DAVIS: I think the charges in the granular detail that this group of professionals that we spent so much time with asking Michael about different documents and all of the corroborating evidence, I think where this goes to is a jury with a single question. Do you believe Donald Trump's denial that just before the election, directing Michael to pay this $130,000 from his own funds, do you believe that Donald Trump was politically motivated? That is the only question between a crime and a non-crime. And it's about American democracy, as the Southern District said.
So that to me is a way of simplifying it all down. And please finish the sentence. Yes, Michael Cohen lied by the direction of Donald Trump. Please, all of you, finish that sentence.
LEMON: Lanny Davis, thank you very much. I appreciate you joining us this morning.
DAVIS: Thank you.
HARLOW: Significant news out of that interview with Lanny Davis. We'll continue on that. The news of Trump's indictments sending shockwaves across Washington. How are Democrats on the Hill reacting? Congressman Dan Goldman who was a lead counsel in Trump's first impeachment trial, now a member of Congress, he joins us.
KAITLAN COLLINS, CNN ANCHOR: All right, good morning and welcome back to CNN this morning. We have been discussing a lot when it comes to the historic indictment of former President Trump that happened yesterday. Joining us now with their perspective on this is former federal prosecutor of the Southern District of New York and Cardozo, Law School professor Jessica Roth. And our CNN Chief Law Enforcement and intelligence analyst John Miller, both here with us this morning. Thank you so much for being here, Gloria Borger is also here, I should note, she is joining us remotely from Washington, D.C. Hi, Gloria.
DON LEMON, CNN ANCHOR: Hi, Gloria.
COLLINS: You're not here with us but still there.
GLORIA BORGER, CNN CHIEF POLITICAL ANALYT: Good to see you.
COLLINS: Gloria, I actually want to start with you Gloria, because you know Lanny Davis and Michael Cohen very well. You are incredibly --
COLLINS: -- well sourced. What do you make of what Lanny Davis just said?
BORGER: Well, I think Lanny Davis says, Michael Cohen's attorney wanted to get out there and say to the American public, don't forget that Michael Cohen is someone who went to jail over some of these issues. And by the way, he was directed to pay the hush money to Stormy Daniels, by Donald J. Trump, as he put it. And I think, that's the message he wants to sort of get over and over and over again. And I think, you know, Michael Cohen, being out there himself, your attorneys can tell you whether that's wise or not wise, but he's trying to restore his credibility with the American people.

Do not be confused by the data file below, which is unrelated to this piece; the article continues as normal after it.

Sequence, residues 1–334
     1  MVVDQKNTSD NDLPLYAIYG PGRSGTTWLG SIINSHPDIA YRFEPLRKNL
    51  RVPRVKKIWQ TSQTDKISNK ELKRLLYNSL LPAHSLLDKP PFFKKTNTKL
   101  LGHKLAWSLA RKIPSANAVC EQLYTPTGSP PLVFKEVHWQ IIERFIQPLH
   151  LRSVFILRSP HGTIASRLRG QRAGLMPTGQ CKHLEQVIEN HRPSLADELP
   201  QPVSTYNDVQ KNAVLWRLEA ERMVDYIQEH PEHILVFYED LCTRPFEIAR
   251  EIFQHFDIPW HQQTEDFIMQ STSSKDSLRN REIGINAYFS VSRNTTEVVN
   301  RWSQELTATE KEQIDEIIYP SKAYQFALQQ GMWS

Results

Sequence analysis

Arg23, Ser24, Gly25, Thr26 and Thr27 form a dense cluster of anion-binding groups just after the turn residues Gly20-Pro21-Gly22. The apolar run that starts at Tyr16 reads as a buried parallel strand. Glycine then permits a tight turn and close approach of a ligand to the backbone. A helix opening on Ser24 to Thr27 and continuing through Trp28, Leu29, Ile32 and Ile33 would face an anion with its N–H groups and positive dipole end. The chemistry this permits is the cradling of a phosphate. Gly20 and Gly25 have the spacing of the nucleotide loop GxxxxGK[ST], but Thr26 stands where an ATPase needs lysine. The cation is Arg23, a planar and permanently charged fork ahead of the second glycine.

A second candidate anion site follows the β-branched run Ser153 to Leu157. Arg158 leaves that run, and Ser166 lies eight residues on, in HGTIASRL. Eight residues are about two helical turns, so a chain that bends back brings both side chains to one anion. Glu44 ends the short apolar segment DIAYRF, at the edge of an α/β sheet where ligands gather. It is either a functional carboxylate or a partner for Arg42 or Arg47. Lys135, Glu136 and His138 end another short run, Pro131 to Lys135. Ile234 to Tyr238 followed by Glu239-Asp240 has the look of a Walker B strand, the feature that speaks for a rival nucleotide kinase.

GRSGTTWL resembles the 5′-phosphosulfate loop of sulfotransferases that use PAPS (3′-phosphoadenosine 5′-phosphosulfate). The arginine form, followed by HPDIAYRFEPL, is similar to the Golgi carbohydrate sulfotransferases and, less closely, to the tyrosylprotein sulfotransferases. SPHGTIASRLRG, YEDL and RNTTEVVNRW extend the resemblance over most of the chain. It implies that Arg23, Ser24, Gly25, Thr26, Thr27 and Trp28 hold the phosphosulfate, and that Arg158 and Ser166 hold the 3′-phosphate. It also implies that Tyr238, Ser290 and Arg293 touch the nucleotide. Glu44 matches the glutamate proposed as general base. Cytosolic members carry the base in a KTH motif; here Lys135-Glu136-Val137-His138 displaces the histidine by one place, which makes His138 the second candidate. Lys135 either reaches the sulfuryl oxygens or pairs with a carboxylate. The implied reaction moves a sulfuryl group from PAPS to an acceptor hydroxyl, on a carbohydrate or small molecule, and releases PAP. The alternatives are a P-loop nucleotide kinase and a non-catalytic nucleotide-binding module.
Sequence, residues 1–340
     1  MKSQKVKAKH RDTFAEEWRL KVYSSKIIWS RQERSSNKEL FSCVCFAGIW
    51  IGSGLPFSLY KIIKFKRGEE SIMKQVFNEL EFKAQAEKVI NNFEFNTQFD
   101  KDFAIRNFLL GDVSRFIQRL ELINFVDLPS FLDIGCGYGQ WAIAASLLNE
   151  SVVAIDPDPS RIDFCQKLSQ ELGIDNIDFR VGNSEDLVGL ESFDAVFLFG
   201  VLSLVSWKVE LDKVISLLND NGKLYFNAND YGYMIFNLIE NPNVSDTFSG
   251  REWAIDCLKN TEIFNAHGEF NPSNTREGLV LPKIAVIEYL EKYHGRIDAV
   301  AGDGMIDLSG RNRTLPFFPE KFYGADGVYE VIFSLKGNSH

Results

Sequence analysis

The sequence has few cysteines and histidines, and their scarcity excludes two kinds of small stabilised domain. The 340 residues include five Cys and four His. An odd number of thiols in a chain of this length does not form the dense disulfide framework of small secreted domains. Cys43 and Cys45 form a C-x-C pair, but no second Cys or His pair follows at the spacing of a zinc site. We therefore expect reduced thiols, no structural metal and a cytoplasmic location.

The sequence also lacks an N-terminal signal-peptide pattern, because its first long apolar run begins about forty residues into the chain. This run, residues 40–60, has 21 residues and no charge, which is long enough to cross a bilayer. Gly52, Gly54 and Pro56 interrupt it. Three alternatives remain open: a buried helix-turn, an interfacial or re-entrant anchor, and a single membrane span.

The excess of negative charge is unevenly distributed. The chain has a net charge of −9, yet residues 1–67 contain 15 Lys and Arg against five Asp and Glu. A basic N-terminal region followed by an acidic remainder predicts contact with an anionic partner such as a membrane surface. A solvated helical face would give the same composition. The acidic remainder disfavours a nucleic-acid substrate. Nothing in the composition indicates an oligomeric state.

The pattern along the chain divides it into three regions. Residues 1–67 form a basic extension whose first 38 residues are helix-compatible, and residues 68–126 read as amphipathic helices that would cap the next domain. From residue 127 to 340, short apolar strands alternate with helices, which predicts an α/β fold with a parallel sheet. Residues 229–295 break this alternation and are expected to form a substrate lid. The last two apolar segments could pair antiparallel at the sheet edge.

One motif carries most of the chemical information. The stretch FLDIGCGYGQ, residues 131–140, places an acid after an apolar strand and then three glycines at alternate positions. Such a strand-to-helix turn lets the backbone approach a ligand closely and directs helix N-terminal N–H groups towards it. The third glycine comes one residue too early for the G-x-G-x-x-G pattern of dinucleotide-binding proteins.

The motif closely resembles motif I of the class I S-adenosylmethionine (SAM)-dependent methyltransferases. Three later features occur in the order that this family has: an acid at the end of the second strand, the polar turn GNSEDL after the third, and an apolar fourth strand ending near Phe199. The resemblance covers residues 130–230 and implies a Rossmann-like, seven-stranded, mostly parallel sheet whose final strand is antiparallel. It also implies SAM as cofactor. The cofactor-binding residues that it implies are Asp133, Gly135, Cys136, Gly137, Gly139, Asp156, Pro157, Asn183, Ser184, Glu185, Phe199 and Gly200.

And say, OK, I'm not just a guy who went to jail, I'm not just the fixer. I know exactly what happened, and I paid the price, and Donald Trump should then pay the price as well. What neither of them can answer or did answer, I think, is the question of whether what started as a paperwork issue has apparently evolved into a criminal felony. Again, we don't know what's in the indictment, but we don't -- we have to understand the arc of the paperwork to criminal felony which we, at this point don't know.
POPPY HARLOW, CNN ANCHOR: Jessica is watching you, watching Don's interview with Lanny Davis. And there was a moment where you were nodding when Don kept pressing him to answer the question of well, are there more documents we don't know about? Are there more payments we might not know about? Why were you nodding? What's the significance?
JESSICA ROTH, FORMER FEDERAL PROSECUTOR, SOUTHERN DISTRICT OF NEW YORK: Well, because I want to know that too. I mean --
HARLOW: You think he answered it?
ROTH: He seemed to indicate that there were documents, I'm very curious to know what those are since reportedly, Donald Trump doesn't use text, he doesn't use email. And so, unless that's not true, and we actually have text and email and documents with Donald Trump. Perhaps, these are communications with other people that reflect communications with Trump, or that also show how the records were used at the Trump organization.
LEMON: Go on why you said you want to know that too, why?
ROTH: Because I want to know what corroboration there is for Michael Cohen. That's key and we know that there is David Pecker, who will give corroboration. I imagine for why these payments were made to stormy Daniels and to Karen McDougal because David Pecker was part of conversations about them, being part of campaign expenditures to help Donald Trump in his campaign. So, David Pecker is going to be critical people from the Trump campaign like Kellyanne Conway and Hope Hicks will also be critical if they were involved in communications about those payments, and can testify that they work to further Donald Trump's campaign interest. But I also want to know who from the Trump organization has testimony and documents that will reflect, how those payments were reflected in the business records of the Trump organization and for what purposes, those records were used.